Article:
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Renovator’s Dream

house 4

 

Renovating: Along with death and divorce it is touted as one of the most stressful things you can do. I think I agree. Here are some things I’ve learnt over the last 8 years of renovating our house:

  1. We survived. Like Stuart Diver, buried under 3,500 tonnes of rock and mud, we survived.
  2. We stayed married. And, no animals or humans were harmed in the making of this house. Just.
  3. Finishing is better than Christmas as a 4 year old.
  4. Communication: Building companies – please use this tool. It is more important than your nail gun – a gun which, when you finally turned up months late, I was perhaps tempted to see in a new light…
  5. Music: Builders, choose it wisely. Triple M is no good when there is enough banging going on already. Kyle Sandipants is banned. In fact, the best move is to ask ME what I want to listen to you sing to. And maybe the rest of the neighbourhood.
  6. If you turn up, I will give you unlimited tea and coffee and Tim Tams and the odd sausage sanga. If you don’t, I will serve you tears with a large dash of PMS.
  7. A good tradie is Heaven-sent. A bad one is quite sadly the joke of the building site.
  8. What you see on The Block is all a lie. Carpet Court will not lay your carpet in 48 hours because you are in a challenge. In fact, general rule of thumb to go by is that they like to cause a challenge, not help in one.
  9. If you want to start up an ethical swimming pool building company, you will be the world’s first, and, once word gets around, a multi-squillion gazillionaire.
  10. Choose nice people to work on your house wherever you can. They move in. You need to like them.
  11. Choose a paint colour and walk away. It will be fine. I’m sure “Dulux” means ‘Confuse the pants of you’ in some language. 
  12. Be black and white and brave in your conversations with everyone building your house. However, make sure you leave your tradie talk at home – it doesn’t work with, say, frail great aunt Nelly or the highly sensitive neighbour (and it’s likely your fault the neighbour is highly sensitive now anyway). house 6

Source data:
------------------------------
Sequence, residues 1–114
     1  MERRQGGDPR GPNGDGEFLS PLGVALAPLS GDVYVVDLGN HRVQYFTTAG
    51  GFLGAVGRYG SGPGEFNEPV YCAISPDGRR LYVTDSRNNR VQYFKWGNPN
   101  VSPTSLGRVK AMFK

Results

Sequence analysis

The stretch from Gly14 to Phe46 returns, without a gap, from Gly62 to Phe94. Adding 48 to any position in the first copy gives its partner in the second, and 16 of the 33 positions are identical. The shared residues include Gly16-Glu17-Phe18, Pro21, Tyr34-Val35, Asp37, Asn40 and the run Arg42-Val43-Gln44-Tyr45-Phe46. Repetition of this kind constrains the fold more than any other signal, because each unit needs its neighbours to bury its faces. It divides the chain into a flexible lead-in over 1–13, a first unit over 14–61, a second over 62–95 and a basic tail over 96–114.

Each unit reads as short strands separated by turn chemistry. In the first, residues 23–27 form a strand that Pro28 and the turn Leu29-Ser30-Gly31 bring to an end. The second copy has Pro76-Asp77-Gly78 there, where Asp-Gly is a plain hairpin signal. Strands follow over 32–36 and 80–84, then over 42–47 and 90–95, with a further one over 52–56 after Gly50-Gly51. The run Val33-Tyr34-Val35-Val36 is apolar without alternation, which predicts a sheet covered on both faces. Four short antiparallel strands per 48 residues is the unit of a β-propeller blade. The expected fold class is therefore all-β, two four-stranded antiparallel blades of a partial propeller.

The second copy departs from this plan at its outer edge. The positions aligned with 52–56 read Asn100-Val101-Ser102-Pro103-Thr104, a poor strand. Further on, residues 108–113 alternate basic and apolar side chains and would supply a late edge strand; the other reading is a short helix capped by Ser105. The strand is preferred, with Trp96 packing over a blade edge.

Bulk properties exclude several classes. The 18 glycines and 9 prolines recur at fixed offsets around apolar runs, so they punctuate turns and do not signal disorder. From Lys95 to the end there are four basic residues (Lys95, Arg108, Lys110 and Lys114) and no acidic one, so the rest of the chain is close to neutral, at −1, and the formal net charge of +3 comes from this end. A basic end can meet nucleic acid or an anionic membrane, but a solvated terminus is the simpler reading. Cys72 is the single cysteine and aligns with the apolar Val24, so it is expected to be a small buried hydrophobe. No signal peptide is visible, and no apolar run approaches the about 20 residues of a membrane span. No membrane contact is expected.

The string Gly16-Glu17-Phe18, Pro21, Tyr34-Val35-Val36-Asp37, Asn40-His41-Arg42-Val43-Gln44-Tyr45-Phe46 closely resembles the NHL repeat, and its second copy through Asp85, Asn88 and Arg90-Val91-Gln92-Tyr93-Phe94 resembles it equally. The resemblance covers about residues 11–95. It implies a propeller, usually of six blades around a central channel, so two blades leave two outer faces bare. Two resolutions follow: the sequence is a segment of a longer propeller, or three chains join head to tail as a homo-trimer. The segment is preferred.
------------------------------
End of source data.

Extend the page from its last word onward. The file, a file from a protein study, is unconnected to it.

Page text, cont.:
13. When you’re so buried in boxes you have to pole vault out of bed; when there are 10 different trades with difficult questions at your door at 6.45am and you’re in your dressing gown with the flu; when your kitchen ceilihouse 1ng leaks and bulges with rain water like a pregnant belly for months; when you have a set of gumboots outside every exit because you are surrounded by a mud moat, my advice is this: Finish one little thing. Paint the architrave in the laundry and close the door. When every single other part of your house has a bloke with his noise and dust in it, go into your laundry, sit on the floor and meditate with your gorgeous architrave. 
  14. Always say thank you (except maybe to pool builders – feel free to acquire a nail gun in this case). You may have waited 20 months for a roofer to show up, but when you sit in your kitchen in torrential rain and thunder and lightning, you will appreciate him. Building a house is no mean feat, it involves many coming together to meet your sometimes incredibly picky, individual wishes, and, they may not be able to sing, but I do believe they are proud of the work they do for you.  Plus, you want them to show up the next day.    
  1. And finally, try and enjoy it where you can. We loved finding old bits of newspaper in the walls, the pages of which were selling 1920’s Buicks. And one of the first Australian Women’s Weekly’s rolled up in the floor – amazing to think I would work for this magazine 40 years later. Restoring the original features of the house, like our hard wood French doors and a pressed metal ceiling, was an artistic endeavour, and are now thoroughly enjoyable to live with. Add your own flare and be courageous with it. It is a stressful time, but try and have a laugh with those blokes and your husband and kids while you’re all living through it, it creates good memories to go with your beautiful, finished new home.

 house 3

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